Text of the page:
- Inez Sauer, Boeing tool clerk

Morton D. Elevitch

"For the Nth time, thanks for your package. Please don’t send me any more underwear, socks or candy... This week they are teaching us to kill... I know how to break any hold or grip and throw a man flat on his face. They even teach us how to scientifically stomp on a man.... Confidentially, I’m tired."

- Pvt. Morton D. Elevitch, Nov. 23, 1943. Duluth, Minnesota

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Rupert Trimingham

"Myself and eight other Negro soldiers were on our way from Camp Claiborne, La., to the hospital here at Fort Huachuca, Arizona. ...We could not purchase a cup of coffee at any of the lunchrooms around there... As you know, Old Man Jim Crow rules.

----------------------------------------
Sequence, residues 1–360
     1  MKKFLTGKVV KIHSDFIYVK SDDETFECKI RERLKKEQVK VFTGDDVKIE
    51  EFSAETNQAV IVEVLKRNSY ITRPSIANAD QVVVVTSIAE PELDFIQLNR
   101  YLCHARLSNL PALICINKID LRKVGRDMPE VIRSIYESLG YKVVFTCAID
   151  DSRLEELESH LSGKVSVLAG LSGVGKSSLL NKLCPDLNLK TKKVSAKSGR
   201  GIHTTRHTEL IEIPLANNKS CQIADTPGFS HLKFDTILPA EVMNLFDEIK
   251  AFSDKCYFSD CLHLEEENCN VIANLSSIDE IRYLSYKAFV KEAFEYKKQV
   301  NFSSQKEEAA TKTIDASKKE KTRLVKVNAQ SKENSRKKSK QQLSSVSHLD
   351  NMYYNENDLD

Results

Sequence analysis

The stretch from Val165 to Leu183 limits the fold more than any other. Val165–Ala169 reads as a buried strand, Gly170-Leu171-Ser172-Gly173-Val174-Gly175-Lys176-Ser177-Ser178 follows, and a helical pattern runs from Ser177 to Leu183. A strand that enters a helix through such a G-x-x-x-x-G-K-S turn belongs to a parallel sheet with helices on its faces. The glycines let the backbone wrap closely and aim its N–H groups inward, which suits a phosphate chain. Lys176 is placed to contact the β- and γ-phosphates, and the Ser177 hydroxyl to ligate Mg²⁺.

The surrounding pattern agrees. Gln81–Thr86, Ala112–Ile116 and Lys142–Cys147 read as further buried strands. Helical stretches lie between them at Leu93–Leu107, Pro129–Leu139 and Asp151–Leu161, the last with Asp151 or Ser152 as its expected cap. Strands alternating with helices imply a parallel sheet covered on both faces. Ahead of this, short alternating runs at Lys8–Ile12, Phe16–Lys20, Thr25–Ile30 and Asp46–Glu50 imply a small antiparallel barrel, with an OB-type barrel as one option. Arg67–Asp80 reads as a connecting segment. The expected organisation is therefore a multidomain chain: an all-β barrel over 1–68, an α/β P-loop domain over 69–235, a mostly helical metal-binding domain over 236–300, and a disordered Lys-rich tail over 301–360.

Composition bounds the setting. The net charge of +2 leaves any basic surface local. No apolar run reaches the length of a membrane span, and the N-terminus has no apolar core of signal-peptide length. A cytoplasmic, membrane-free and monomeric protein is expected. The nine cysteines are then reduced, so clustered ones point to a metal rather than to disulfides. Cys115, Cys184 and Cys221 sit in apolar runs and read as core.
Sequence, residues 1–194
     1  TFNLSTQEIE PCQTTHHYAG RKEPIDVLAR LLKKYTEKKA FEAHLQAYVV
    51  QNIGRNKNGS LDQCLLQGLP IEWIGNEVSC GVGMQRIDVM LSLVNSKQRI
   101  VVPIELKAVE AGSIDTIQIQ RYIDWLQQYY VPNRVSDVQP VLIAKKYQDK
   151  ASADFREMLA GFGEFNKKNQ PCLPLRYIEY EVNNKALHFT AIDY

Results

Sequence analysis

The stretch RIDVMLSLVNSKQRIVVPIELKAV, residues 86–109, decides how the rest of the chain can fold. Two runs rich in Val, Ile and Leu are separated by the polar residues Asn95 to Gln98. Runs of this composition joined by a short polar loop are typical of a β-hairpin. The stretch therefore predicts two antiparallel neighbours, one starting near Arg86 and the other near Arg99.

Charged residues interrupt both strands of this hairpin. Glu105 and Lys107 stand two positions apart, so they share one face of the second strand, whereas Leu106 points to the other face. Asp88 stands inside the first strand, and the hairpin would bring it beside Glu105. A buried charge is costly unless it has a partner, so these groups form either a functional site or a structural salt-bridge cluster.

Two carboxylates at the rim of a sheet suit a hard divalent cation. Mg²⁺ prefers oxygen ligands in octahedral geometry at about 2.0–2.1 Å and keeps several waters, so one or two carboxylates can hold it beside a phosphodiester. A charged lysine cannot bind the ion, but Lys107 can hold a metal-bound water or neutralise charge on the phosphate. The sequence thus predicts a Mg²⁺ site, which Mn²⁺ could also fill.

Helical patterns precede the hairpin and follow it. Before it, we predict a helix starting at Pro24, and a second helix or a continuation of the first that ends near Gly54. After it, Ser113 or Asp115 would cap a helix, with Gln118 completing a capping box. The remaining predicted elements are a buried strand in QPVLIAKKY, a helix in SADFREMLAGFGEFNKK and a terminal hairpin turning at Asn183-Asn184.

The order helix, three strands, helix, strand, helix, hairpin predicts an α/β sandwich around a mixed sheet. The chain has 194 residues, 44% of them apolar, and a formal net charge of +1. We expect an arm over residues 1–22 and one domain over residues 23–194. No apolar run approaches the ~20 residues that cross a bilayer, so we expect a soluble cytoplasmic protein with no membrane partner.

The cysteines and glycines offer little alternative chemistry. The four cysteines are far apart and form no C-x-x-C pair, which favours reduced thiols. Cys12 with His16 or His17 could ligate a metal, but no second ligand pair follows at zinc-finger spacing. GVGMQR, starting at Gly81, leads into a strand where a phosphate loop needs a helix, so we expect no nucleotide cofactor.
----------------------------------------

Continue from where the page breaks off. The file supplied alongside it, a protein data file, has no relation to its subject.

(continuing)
But that’s not all; 11:30 a.m. about two dozen German prisoners of war, with two American guards, came to the station. They entered the lunchroom, sat at the tables, had their meals served, talked, smoked, in fact had quite a swell time. I stood on the outside looking on... Are we not American soldiers, sworn to fight for and die if need be for this our country?"

- Rupert Trimingham, April 28, 1944. Hometown: Brooklyn, New York (Immigrant from Trinidad via Wales, England)

Richard Borden